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April, where did you go?? Winter is creeping closer over here in Australia, and I suspect these Reading Roundups are only going to get chunkier as the cool weather rolls in. Is there anything better than books and tea when the temperature drops? No, I don’t think so either!
Full disclosure – I love Philip Pullman. I don’t think it’s an exaggeration to say that the His Dark Materials trilogy had a greater impact on me than almost anything else I read in my teenage years. As I said last month, getting the chance to slip back into Pullman’s world was like curling up with a blanket and a cup of tea on a cold day. Meeting younger versions of beloved characters (no spoilers) made my heart ache in the way that I think only another book nerd can truly understand.
That being said – La Belle Sauvage left me a little disappointed. Where the Dark Materials trilogy was based in a strong sense of reality despite it’s fantastical elements, La Belle Sauvage is a little more fairy-tale like. I also felt like there were some inconsistencies with the world that has already been established that pulled me out of the book whenever they cropped up. If pressed, I would say that this first installment in Pullman’s new trilogy feels more childlike than his previous works – I’m intrigued to see where he takes it next.
Unlike most people, I’ve managed to avoid Gillian Flynn so far in my reading career. While Gone Girl has been on my radar, I’ve never quite made it far enough to actually give it a read. So when my second Book Club (that’s right, somehow I have a second book club now- is that even legal?) suggested Sharp Objects by Gillian Flynn, I was all on board. Would I be so on board to read a second book of hers now? I’m not so sure.
Sharp Objects was Flynn’s debut novel, and centres around Camille Preaker – a small-time news journalist who has been sent back to her small home town to cover a series of brutal murders. Right from the start, I found this book relentless. I haven’t read a lot of crime fiction, so it could be a trademark of the genre, but Sharp Objects is an absolutely brutal read. The characters are almost uniformly unlikeable, and the town of Wind Gap is the stuff of horror stories. While I’ve never really felt the need to immerse myself in the sex lives of thirteen year olds, now I really think I’ve read enough to last me a life time. There’s enough intrigue to carry the story through, but I feel reasonably confident in saying that this is a genre that’s not really suited for me.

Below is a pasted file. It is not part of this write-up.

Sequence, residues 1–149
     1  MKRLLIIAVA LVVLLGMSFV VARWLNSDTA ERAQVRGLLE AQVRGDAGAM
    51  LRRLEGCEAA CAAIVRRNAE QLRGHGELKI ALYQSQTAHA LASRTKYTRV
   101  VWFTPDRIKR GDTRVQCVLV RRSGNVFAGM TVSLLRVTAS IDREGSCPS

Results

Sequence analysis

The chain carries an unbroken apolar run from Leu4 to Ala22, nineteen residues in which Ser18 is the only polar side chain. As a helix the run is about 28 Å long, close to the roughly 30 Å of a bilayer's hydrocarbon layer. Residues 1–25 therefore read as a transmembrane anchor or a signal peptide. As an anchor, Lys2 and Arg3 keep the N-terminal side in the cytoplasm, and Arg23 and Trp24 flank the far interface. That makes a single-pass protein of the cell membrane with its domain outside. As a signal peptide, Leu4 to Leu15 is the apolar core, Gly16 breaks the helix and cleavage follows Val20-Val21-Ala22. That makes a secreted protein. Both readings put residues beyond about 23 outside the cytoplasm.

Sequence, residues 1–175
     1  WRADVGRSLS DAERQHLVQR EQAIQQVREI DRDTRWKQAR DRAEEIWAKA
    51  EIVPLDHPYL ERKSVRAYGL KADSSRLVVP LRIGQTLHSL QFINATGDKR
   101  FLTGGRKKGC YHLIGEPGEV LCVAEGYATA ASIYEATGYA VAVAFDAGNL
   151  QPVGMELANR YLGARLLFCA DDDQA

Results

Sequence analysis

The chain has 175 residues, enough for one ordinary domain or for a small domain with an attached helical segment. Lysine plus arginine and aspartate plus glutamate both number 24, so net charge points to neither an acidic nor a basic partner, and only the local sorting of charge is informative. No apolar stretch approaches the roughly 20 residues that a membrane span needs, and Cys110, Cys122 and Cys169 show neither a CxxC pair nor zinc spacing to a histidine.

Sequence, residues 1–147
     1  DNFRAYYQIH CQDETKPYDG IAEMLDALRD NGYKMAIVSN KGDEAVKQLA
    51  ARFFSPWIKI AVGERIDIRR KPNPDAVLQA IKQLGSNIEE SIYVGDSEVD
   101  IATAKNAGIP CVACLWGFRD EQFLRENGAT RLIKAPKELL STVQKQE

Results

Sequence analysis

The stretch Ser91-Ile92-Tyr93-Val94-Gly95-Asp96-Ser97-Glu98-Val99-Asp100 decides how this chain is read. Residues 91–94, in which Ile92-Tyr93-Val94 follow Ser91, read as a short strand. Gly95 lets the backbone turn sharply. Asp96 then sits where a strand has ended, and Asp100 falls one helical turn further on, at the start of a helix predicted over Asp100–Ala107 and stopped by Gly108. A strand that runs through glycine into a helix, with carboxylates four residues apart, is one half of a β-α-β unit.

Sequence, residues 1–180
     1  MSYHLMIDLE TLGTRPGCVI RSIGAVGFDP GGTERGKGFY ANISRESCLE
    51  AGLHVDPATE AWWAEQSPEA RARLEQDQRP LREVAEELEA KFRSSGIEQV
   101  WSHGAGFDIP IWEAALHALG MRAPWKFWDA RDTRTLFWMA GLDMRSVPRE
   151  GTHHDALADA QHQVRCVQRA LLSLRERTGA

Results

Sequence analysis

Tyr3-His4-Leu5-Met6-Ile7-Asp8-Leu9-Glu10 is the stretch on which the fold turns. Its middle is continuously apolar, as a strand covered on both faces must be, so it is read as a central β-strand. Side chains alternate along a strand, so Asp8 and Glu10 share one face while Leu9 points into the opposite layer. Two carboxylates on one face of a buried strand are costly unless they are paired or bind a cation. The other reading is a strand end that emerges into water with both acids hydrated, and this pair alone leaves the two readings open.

Have you read Sharp Objects? What did you think?
Another road trip, another Terry Pratchett book! After introducing me to The Hog Father a few years ago, the Boy now insists on another Pratchett novel any time we drive anywhere- Guards! Guards! was his choice for this trip. Apparently the eighth book in the Discworld series (do I sound like I know what I’m talking about?), Guards! Guards! follows the journey of Carrot Ironfoundersson as he goes to join the ill reputed City Watch, and their attempts to overthrow the dragon that has mysteriously appeared in Ankh-Morpork. As always, the writing is vaguely ridiculous and frequently delightful – particularly for those who read a lot of fantasy and are familiar with the tropes. It also features a few of my characters (I will forever love the Orangutan Librarian), and my new favourite Pratchett quote-
“A good bookshop is just a genteel Black Hole that knows how to read.”
If you’ve never read any Pratchett before, I highly recommend starting with my favourite of his works – Good Omens. If that one has you chuckling into your teacup, then Guards! Guards! might be a good place to head next!
I’m determined not the let this one fall off my WIP list! I was doing so well with this hefty tome of a book, and then I got distracted with something lighter and am struggling to get back into the swing of things. Don’t be distressed, Sydney – I’m still coming for you!
Another month, another book in the Rivers of London series on my Audible subscription. While Rivers Under Ground does feature the single worst example of an American accent that I’ve ever heard, narrator Kobna Holdbrook-Smith makes up for it by nailing every one of the other diverse voices in the series. I don’t even really need to say how much I continue to enjoy the series at this point – keep your eyes peeled next month for a more complete review!
What have you been reading this month? Comment below to share your favourite, I’m always looking for recommendations!
You can check out some of my earlier Reading Roundups here: